but upon further consideration,
it seemed really gauche.

so i gave it to her earlier, when no one was looking.
it was a moment i’ll remember,
and i’m glad it wasn’t public.

i’m home now,
hungry,
broke,
tired.

and i haven’t been this happy in forever.

i’ll miss you port ludlow.

18 Responses to “retreat”

  1. V. Says:

    Amazing post. Glad to have you back.

  2. Sally at RivendaleFarms Says:

    I totally get it, your words are perfect. Thank you for sharing it.

  3. Sally at RivendaleFarms Says:

    Crap, hit “submit” too fast. Meant to add, did you dye the bottom skein in the 4th picture down? It’s unbelievably gorgeous.

  4. Yvonne Says:

    I hope that you are bringing your pretties to the shop tomorrow??

  5. Stephanie Says:

    Still owe you a beer.

    Dude, I know you were challenged in places, and really that’s the spot where our minds learn most, and above all else you should really, really be proud of yourself. You’re the best kind of student. A good learner who’s interested in learning.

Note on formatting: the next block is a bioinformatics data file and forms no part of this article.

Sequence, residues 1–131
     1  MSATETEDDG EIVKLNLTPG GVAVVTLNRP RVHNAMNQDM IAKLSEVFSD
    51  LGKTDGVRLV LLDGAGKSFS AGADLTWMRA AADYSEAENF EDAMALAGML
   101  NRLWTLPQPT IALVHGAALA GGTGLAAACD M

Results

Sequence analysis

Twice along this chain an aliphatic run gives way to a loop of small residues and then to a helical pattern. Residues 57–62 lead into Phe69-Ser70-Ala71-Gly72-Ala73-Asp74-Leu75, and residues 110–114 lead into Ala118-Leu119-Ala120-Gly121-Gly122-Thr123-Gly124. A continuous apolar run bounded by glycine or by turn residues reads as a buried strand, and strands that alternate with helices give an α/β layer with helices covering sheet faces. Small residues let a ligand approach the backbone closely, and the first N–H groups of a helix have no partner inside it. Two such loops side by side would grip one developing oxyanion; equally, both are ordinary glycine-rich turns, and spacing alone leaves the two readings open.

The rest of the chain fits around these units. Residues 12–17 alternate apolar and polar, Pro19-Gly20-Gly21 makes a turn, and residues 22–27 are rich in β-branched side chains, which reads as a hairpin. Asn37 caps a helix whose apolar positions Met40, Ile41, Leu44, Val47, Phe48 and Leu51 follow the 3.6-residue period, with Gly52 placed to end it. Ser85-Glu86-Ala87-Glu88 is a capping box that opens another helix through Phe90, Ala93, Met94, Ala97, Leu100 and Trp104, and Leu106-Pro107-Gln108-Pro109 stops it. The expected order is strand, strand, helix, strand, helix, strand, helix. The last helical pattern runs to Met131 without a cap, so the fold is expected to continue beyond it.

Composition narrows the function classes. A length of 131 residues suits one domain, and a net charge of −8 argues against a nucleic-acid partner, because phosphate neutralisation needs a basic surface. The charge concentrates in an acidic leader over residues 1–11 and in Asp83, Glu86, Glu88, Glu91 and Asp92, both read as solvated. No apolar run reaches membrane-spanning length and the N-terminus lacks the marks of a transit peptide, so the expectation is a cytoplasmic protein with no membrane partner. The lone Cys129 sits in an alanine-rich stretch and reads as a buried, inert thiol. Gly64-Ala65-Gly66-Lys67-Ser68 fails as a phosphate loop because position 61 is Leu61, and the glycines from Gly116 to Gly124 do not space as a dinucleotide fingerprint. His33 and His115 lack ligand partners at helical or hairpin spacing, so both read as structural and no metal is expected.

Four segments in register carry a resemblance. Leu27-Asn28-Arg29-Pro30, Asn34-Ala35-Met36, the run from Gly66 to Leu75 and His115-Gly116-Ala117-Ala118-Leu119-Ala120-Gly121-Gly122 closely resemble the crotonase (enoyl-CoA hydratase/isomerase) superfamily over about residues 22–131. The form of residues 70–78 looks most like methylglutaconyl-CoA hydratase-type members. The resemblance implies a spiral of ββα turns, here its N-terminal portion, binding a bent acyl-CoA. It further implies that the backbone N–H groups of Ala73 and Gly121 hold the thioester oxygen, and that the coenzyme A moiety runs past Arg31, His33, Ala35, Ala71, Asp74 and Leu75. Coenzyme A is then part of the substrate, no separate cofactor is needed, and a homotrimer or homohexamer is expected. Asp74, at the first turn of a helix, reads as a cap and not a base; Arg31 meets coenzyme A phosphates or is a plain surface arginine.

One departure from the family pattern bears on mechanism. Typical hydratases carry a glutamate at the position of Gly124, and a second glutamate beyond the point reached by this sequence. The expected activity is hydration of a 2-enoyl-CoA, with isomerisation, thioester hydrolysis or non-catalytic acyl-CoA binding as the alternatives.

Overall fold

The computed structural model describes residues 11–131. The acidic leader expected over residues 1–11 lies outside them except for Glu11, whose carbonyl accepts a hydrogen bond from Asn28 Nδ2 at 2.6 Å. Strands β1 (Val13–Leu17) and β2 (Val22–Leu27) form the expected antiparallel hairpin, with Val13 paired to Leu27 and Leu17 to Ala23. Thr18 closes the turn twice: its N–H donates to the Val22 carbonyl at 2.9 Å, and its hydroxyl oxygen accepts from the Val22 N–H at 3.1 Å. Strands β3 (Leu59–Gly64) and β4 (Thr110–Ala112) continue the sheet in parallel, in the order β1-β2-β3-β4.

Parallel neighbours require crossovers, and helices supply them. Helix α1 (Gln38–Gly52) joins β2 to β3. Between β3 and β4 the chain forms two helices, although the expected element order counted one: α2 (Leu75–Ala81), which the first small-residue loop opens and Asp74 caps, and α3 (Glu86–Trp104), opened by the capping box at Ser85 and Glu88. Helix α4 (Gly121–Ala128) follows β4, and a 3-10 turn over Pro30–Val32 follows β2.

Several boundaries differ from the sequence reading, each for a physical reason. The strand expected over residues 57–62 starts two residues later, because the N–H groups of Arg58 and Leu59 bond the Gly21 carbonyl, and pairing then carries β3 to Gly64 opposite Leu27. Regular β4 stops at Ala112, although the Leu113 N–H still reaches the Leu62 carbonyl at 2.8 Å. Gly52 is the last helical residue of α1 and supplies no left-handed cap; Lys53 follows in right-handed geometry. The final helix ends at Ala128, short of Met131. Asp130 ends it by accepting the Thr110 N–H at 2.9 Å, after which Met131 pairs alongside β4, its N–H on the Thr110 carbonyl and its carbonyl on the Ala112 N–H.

(Also. I love my gift. More than I can say.)

  6. Kim Says:

    What Yvonne said. I can’t wait to hear all about it.

  7. Lynae Says:

    Again so glad I was in your group! I’ll just send everyone to your blog to describe the weekend!

  8. Andrea Y-Jones Says:

    Hey!
    Where was this held? This place looks beautiful! :)

  9. Gretchen Says:

    Lynae has the right idea – your description is perfection. What a time it was. It improves with each memory. How about a mile’s worth of silk fiber from just one cocoon? How about knitting started in the middle east – where else do we make something opposite the way we read (Stephanie describes this better, but I had a huge light bulb snap on with that one). Lovely, lovely time. Glad to have met you Mr. A!